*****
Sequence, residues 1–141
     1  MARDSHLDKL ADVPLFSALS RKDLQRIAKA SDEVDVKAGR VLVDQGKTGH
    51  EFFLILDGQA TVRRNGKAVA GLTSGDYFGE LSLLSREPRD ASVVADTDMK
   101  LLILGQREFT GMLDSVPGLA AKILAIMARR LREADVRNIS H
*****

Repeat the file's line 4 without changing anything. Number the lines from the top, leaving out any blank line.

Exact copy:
   101  LLILGQREFT GMLDSVPGLA AKILAIMARR LREADVRNIS H